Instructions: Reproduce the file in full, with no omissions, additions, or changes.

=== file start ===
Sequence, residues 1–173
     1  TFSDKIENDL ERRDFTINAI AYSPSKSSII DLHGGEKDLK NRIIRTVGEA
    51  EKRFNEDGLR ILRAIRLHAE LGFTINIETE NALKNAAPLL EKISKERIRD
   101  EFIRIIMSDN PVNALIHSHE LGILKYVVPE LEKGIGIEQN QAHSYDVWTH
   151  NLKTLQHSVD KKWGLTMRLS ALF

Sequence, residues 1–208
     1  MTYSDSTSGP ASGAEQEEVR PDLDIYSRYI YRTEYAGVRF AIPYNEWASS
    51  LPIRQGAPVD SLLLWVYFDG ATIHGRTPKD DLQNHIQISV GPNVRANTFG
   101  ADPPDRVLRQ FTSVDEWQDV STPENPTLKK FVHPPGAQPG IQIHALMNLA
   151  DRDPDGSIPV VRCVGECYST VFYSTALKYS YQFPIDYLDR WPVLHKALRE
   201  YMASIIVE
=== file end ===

Sequence, residues 1–173
     1  TFSDKIENDL ERRDFTINAI AYSPSKSSII DLHGGEKDLK NRIIRTVGEA
    51  EKRFNEDGLR ILRAIRLHAE LGFTINIETE NALKNAAPLL EKISKERIRD
   101  EFIRIIMSDN PVNALIHSHE LGILKYVVPE LEKGIGIEQN QAHSYDVWTH
   151  NLKTLQHSVD KKWGLTMRLS ALF

Sequence, residues 1–208
     1  MTYSDSTSGP ASGAEQEEVR PDLDIYSRYI YRTEYAGVRF AIPYNEWASS
    51  LPIRQGAPVD SLLLWVYFDG ATIHGRTPKD DLQNHIQISV GPNVRANTFG
   101  ADPPDRVLRQ FTSVDEWQDV STPENPTLKK FVHPPGAQPG IQIHALMNLA
   151  DRDPDGSIPV VRCVGECYST VFYSTALKYS YQFPIDYLDR WPVLHKALRE
   201  YMASIIVE